I am not sure if is possible to do this (due to the way machine learning works): Cartographic map labeling is a problem that can pretty much only be solved via neural networks / machine-learning, since it is NP-hard. Current algorithms are only a manual approximation of what could be done using machine learning. My idea was to train a model using data from existing (manually produced) cartographic maps. An interesting paper on this topic is here.
However, the problem is this: Maps that go into print production usually receive some form of manual cartography. A neural network will never be as good as a human. So what I am doing is (for each label) saving the manual edits into a separate file. This means that I am not saving the whole map, but only the manual edits made by the cartographer. The goal is for the map to be “reproducibleR21;, i.e. I need to be able to open the map with the same configuration after a few years, apply the manual corrections again and receive the same map (in terms of label placement). This makes it possible to easily update the map (for addition / removal of labels) without manually editing all labels all over again.
Now, how do you determine the initial positions for the labels? The initial algorithm I wrote just places the labels (let’s say: labels for a road) on the first two points of the line. Then the cartographer manually moves the label to the correct position and rotation.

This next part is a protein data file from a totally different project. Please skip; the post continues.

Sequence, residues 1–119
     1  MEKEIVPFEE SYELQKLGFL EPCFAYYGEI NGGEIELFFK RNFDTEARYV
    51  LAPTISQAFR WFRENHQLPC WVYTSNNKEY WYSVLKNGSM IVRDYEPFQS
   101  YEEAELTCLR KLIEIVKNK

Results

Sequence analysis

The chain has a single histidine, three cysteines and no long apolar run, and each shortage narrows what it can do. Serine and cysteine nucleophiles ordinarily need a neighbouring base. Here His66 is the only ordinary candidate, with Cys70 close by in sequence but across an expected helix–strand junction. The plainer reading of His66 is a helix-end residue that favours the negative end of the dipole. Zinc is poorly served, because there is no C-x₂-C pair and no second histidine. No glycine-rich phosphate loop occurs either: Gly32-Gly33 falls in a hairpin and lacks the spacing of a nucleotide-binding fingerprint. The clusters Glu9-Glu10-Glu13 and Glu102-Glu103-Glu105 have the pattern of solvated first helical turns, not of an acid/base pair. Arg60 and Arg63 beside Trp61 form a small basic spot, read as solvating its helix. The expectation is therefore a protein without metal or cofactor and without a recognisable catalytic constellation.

To keep this work to a minimum, I thought of using a neural network and train it on existing maps (using classifications such as text size, importance, etc.). But in order for maps to be reproducible in this way, the initial positioning algorithm has to be stable – if you give it the same map data, it has to give the same output. So my question is if it is possible to construct a neural network that can be “paused” or “versioned”, i.e. I can tell the cartographer, “these manual edits were done with generation 2.000.000” – if he loads the trained model, would it yield the same results, i.e. would the labeling be stable? Or is it truly a “black box” where you never know exactly what you’re going to get?
This is not regarding any software or frameworks, just a hypothetical question if it would be possible, from the way that neural networks work.